|Intro||German conductor, composer and musicologist|
|A.K.A.||Philipp Julius Wolfrum|
|Was||Musician Conductor Composer Musicologist Professor Educator|
|Birth||17 December 1854, Schwarzenbach am Wald, Germany|
|Death||8 May 1919, Samedan, Switzerland (aged 64 years)|
Philipp Julius Wolfrum (17 December 1854 – 8 May 1919) was a German conductor, musicologist, composer, organist and academic teacher. He was influential to university education in church music in Heidelberg, and in 1907 became the town's Generalmusikdirektor.
Born in Schwarzenbach am Wald, Philipp Wolfrum was the son of Johann Heinrich Wolfrum, a teacher and church musician (Kantor). He first also worked as a teacher. On a scholarship, he studied from 1876 at the Königliche Musikschule in München organ and composition with Joseph Rheinberger, piano with Karl Bärmann, and choral singing and conducting with Franz Wüllner. From 1878 he was conductor, soloist and composer in Bamberg. In 1884 he was appointed an assistant teacher for music at the theology seminary of Heidelberg University. There, he installed formal education in church music, and initiated public musical events in the town. In 1885 he founded the choirs Akademischer Gesangverein and Bach-Verein (now: Bachchor Heidelberg [de]). In 1888 he was appointed Außerordentlicher Professor. In 1890 he published Die Entstehung und erste Entwicklung des deutschen evangelischen Kirchenliedes in musikalischer Beziehung (The origins and initial development of the German Protestant hymn). In 1894 he was awarded the title of Universitätsmusikdirektor [de], and in 1907 became Generalmusikdirektor. Wolfrum was a friend of Max Reger, who dedicated his choral work Der Einsiedler, op. 144a, to Wolfrum and his choir: "dem hochverehrlichen 'Bach-Verein Heidelberg' und seinem ausgezeichneten Dirigenten Herrn Geheimrat, Generalmusikdirektor, Professor Dr. Philipp Wolfrum" (to the praise-worthy 'Bach-Verein Heidelberg' and its excellent conductor, Geheimrat Generalmusikdirektor Professor Dr. Philipp Wolfrum). Wolfrum conducted the premiere of this work and of the Hebbel Requiem, op. 144b, in a memorial concert for Reger in Heideberg on 16 July 1916, shortly after the composer's death. Wolfrum worked for the revival of the works of Johann Sebastian Bach and Franz Liszt. He published in 1910 a monography in two volumes Johann Sebastian Bach and was instrumental in the publishing of Liszt's complete works, publishing four volumes himself. Wolfrum died in Samedan. An international competition for organists of the Hochschule für Kirchenmusik Heidelberg was established in his name.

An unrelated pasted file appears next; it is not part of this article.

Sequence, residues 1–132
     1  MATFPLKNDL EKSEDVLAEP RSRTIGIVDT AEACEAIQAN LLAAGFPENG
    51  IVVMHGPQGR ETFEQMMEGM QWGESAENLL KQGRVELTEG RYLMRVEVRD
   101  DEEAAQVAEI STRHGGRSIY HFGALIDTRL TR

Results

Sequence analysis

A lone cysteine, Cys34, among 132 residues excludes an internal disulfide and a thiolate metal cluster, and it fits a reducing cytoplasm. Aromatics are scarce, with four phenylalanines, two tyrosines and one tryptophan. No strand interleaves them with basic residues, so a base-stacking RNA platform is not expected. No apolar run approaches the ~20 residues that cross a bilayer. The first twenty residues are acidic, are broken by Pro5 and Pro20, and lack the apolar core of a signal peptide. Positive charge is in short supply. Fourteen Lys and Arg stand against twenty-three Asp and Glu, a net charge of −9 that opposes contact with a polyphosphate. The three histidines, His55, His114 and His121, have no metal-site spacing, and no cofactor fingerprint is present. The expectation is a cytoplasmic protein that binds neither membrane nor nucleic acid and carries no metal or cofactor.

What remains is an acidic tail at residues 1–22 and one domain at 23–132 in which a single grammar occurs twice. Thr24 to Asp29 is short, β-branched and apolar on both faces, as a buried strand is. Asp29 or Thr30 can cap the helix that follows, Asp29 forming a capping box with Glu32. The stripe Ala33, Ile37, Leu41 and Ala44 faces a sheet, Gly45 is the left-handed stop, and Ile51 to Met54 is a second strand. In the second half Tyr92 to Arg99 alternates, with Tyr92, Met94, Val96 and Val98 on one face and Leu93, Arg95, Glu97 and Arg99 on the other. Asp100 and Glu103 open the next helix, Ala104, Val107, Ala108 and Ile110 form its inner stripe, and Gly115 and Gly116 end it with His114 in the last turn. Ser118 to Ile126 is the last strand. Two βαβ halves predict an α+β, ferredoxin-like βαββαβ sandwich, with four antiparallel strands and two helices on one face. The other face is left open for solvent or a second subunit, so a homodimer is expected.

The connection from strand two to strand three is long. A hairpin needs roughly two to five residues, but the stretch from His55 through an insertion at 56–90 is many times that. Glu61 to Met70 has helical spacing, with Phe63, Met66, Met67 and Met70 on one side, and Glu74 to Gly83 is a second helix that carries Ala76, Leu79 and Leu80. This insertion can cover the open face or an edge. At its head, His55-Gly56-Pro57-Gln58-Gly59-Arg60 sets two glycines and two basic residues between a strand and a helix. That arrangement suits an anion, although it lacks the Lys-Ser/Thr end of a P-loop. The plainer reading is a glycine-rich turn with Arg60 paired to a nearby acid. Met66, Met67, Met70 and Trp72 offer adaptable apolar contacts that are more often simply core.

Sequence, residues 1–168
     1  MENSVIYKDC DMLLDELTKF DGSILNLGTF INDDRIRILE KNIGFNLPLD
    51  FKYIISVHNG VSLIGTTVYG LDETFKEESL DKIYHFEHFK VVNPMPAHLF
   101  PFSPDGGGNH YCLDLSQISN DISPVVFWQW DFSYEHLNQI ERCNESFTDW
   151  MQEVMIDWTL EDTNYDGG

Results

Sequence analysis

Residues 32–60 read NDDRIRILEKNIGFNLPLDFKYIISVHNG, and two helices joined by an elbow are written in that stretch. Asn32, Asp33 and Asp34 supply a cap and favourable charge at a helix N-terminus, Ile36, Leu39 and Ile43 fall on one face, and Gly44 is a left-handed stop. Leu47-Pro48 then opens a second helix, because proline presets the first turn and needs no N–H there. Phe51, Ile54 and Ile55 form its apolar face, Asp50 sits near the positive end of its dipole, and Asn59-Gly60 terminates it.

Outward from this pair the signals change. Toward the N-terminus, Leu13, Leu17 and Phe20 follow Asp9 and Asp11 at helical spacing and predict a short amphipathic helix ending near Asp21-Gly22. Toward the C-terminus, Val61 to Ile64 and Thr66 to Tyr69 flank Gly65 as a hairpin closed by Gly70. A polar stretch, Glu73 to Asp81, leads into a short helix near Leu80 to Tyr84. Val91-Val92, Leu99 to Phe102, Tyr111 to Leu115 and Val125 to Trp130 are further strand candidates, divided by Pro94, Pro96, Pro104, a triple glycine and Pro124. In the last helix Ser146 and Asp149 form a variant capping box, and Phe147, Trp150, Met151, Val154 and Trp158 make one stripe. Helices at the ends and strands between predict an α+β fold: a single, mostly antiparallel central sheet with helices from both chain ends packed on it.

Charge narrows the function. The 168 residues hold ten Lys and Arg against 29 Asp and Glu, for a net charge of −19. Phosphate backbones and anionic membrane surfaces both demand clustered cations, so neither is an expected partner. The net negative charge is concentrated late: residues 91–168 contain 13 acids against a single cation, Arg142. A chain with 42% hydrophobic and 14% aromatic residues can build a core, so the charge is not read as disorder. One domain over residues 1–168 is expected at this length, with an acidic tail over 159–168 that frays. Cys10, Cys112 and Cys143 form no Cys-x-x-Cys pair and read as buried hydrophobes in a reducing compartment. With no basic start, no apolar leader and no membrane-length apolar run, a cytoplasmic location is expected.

Drei Sonaten für Orgel, Op. 1, Op. 10, Op. 14 Trio in B minor for piano, violin and viola, Op. 24 Choralvorspiele Op. 25 and Op. 27 Drei Tondichtungen, Op. 30 Orgel-Requiem Klage und Trost Weihnachtsmysterium Op. 31